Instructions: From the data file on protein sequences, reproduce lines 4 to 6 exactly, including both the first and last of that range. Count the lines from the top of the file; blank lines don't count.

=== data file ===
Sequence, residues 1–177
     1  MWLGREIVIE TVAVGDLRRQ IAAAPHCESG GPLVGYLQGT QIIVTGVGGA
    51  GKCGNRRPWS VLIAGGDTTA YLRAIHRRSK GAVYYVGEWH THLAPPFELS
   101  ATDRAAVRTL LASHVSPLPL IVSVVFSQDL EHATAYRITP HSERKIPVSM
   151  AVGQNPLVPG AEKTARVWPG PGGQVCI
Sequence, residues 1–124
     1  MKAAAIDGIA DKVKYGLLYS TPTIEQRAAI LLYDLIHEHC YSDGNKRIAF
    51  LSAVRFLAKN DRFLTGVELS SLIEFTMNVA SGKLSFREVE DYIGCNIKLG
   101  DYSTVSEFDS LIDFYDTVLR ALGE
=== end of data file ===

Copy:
   101  ATDRAAVRTL LASHVSPLPL IVSVVFSQDL EHATAYRITP HSERKIPVSM
   151  AVGQNPLVPG AEKTARVWPG PGGQVCI
Sequence, residues 1–124